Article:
The Central Point Of The Circuit


Categories: FIRST PRINCIPLES.
Sources: A Newly Discovered System Of Electrical Medication

The central point of the circuit--that point which divides between its

positive and negative halves--is reckoned, in practice, to be the

midway point in the line over which the current passes, in its whole

course from the positive post around to the negative post. When the

cords are of equal length, this point will always be in the person of

the patient, about midway between the parts where the two electrodes are

applied. This central point, or "point of centrality," is practically

neuter--neither positive nor negative; and upon the two opposite halves

of the circuit, the positive and negative qualities of the current are

in greatest force nearest to the posts, and in least force nearest to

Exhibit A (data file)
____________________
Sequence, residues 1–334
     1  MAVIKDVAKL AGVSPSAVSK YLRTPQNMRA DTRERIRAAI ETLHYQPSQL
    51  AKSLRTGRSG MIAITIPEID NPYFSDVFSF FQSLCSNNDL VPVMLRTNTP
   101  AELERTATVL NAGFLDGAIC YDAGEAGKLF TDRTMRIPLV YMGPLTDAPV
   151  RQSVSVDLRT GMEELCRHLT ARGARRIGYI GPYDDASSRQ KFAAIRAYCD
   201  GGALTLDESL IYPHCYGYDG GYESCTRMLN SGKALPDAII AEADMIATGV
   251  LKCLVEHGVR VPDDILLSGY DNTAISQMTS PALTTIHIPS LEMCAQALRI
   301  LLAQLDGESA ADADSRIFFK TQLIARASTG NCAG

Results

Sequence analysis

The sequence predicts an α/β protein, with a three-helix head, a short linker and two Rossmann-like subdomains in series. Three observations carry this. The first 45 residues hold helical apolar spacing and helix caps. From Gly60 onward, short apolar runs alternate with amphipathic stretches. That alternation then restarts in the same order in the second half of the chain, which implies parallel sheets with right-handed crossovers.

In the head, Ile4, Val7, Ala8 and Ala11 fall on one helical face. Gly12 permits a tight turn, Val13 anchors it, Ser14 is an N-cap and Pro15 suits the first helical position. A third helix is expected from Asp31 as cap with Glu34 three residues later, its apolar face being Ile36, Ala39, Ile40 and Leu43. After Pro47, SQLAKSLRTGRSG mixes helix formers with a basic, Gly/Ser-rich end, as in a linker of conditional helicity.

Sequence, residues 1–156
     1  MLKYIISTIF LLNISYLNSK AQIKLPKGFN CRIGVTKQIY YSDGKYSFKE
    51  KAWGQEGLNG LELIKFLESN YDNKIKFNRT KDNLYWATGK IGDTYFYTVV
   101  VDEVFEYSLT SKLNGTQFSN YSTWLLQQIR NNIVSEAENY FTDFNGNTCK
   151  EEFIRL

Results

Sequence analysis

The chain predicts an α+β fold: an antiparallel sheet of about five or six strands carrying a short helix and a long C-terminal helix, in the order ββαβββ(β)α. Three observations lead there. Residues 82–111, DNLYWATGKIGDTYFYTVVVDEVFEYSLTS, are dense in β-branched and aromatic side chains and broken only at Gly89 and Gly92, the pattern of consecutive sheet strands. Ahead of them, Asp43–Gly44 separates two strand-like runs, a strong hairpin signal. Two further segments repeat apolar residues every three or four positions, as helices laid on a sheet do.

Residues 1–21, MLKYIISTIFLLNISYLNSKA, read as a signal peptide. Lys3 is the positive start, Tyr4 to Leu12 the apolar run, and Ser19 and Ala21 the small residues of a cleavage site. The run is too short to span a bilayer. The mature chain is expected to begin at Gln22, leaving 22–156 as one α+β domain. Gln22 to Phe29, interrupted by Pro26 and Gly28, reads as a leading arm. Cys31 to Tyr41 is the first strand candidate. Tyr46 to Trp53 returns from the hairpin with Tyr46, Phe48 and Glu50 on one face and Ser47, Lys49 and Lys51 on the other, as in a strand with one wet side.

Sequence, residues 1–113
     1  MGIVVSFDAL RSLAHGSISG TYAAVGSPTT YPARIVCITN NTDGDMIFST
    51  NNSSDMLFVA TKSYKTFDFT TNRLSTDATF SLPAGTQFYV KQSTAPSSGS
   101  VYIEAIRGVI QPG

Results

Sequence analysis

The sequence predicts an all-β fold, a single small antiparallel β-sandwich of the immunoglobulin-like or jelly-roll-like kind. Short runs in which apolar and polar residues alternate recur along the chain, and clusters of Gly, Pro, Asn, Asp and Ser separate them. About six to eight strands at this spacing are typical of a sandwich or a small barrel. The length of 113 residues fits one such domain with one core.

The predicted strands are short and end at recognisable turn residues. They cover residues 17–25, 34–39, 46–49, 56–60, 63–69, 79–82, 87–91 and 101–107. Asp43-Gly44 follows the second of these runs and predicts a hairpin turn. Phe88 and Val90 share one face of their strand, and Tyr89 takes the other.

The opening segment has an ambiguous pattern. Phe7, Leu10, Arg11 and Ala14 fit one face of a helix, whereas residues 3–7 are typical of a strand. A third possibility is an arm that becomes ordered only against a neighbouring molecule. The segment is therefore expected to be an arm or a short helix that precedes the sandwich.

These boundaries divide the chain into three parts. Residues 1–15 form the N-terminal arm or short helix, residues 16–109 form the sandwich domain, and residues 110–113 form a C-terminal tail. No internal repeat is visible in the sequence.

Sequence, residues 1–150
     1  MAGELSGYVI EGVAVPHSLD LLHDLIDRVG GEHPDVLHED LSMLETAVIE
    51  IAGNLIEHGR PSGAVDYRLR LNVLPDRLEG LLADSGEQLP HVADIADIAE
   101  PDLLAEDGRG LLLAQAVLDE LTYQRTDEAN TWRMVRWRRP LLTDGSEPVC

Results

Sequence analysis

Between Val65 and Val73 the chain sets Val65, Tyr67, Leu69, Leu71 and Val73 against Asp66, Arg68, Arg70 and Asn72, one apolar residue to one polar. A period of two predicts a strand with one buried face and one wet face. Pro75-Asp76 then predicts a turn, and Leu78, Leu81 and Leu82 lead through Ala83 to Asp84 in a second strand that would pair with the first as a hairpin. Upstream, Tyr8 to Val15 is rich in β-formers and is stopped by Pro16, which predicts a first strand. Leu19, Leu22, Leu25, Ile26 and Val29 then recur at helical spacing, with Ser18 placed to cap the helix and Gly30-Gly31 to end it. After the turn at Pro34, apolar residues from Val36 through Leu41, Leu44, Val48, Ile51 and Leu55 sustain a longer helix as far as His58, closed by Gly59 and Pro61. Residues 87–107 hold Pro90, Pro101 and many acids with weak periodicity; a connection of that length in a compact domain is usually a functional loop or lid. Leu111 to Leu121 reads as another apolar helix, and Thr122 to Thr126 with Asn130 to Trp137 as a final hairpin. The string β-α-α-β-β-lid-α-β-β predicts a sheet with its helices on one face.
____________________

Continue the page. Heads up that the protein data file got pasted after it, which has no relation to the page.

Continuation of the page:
the central point. At this point they cease altogether, and the central

point is neuter.



It may, perhaps, be observed that, in apparent contradiction of this

statement, the sensational effect of the current on the negative half

of the circuit is least nearest to the positive post, and becomes

regularly greater as the current advances towards the central point;

and that at this point it is greater than at any other point between

this and the positive post. To relieve this seeming contradiction, it is

only necessary to consider that, in fact, the positive state on the

negative half of the current does increase regularly from the

positive post to the central point. But that which is the increase of

the positive state is the decrease of the negative state. So it is

still true that on the negative half of the circuit, the negative

qualities diminish as we advance towards the central point just as on

the positive half, the positive qualities diminish regularly towards

the central point, as stated above.





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